Connecting to Tradition: Crafting Hanbok in America

Jessica Kim says that being in the business of crafting hanbok, the traditional Korean dress, connects her to her roots and culture. She and her mother, Jeoung, run the Philadelphia-based shop bdk | mint, a third-generation family business that began in Daegu, South Korea. Hear from Jessica in this two-minute video about modern interpretations of traditional hanbok, the value of exposing global audiences to hanbok in museums, and how hanbok are worn today.


From Psy to BTS

K-pop music has transported hallyu to all corners of the globe. Its success as an export product stems from a combination of addictive tunes, catchy lyrics, perfectly synched choreography, edgy fashion, and high-production value music videos, all centered around the star power of its idols. Bridging cultural and linguistic divides and riding on the crest of emerging social media platforms, by the mid-2000s K-pop was rocking the world.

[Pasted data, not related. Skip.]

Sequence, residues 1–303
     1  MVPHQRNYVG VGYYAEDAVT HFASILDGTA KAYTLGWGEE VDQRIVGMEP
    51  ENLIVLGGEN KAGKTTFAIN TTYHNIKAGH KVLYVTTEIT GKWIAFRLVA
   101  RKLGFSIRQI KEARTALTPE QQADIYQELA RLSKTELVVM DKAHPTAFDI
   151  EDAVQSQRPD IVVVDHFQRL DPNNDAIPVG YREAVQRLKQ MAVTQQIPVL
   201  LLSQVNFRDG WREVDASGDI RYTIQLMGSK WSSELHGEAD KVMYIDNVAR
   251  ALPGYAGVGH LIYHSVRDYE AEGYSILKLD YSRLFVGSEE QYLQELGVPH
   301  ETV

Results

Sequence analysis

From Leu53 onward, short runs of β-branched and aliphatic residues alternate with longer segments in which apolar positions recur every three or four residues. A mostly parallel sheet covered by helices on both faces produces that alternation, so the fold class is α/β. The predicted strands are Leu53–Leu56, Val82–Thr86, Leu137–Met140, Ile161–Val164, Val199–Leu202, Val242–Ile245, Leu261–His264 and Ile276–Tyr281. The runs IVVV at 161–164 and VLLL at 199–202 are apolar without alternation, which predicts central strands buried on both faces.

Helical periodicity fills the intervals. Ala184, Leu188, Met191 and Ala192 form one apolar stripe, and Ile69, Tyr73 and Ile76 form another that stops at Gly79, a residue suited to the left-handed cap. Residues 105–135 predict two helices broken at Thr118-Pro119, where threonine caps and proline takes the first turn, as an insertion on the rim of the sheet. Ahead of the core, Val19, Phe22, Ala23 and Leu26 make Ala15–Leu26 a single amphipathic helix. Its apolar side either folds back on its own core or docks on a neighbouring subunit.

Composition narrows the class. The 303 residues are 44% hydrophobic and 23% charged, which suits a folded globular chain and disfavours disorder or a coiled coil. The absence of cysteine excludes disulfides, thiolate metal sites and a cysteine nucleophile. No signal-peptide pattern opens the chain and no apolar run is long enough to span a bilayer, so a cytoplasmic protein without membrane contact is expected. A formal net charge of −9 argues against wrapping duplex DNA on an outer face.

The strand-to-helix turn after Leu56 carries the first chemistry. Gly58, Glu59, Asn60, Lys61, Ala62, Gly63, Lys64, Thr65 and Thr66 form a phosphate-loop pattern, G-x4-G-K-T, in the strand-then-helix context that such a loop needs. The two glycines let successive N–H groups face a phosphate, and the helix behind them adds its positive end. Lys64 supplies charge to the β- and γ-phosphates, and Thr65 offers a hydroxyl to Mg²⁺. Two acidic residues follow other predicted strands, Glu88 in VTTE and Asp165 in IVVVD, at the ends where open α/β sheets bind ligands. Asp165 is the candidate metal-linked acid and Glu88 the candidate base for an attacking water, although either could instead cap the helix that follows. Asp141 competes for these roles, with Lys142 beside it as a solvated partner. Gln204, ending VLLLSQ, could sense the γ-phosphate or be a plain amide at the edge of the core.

Twenty-One K-Pop Songs You Need to Know

finger heart graphic with black background

Berklee professor Ray Seol selects and breaks down some of the tracks most essential to the history and development of K-pop.

Listen and Read

Cinema and Drama

Spotlighting K-drama and cinema

With the budding democracy of the late 1980s in South Korea, broadcasting and film industries started to flourish. K-dramas have radically transformed the image of Korea from a little-known country in East Asia to that of a leading global trendsetter. The renaissance of the Korean film industry in the late 1990s saw the emergence of a new generation of movie makers who have become leading figures in world cinema today. The film Minari is an ode to the gyopo (Korean diaspora) community.

Don’t Miss These Hallyu Movies and TV Shows

Still from Poetry (2010)

Go beyond blockbuster favorites like Oldboy and Parasite with this curated hallyu watch list by Boston College professor Christina Klein.

Read the Article

Koreans in America

Tales from the Diaspora